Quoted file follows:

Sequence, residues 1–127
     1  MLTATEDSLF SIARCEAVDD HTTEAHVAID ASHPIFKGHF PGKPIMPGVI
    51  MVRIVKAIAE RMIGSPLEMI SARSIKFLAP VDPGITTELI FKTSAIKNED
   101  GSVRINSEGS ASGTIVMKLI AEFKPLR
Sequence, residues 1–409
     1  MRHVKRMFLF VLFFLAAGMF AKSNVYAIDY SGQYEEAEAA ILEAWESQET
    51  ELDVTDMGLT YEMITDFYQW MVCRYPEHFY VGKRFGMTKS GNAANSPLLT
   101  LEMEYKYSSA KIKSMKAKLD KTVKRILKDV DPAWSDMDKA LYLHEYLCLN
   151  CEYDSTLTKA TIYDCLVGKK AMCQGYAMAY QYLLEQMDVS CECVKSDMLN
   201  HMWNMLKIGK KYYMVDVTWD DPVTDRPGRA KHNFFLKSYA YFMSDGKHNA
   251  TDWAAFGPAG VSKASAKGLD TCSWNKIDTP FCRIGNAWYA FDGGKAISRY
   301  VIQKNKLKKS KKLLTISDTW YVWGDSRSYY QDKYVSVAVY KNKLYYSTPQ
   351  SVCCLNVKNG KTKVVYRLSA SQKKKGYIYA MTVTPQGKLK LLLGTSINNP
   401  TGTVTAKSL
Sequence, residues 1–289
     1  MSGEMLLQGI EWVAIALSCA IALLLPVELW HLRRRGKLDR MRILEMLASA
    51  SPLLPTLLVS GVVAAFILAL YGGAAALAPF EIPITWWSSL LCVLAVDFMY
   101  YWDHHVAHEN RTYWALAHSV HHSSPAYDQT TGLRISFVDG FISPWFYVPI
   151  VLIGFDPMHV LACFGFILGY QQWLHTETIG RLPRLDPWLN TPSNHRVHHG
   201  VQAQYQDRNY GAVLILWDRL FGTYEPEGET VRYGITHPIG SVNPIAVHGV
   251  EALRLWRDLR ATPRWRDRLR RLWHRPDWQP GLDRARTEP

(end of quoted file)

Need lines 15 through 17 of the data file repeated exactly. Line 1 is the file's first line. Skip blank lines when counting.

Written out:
Sequence, residues 1–289
     1  MSGEMLLQGI EWVAIALSCA IALLLPVELW HLRRRGKLDR MRILEMLASA
    51  SPLLPTLLVS GVVAAFILAL YGGAAALAPF EIPITWWSSL LCVLAVDFMY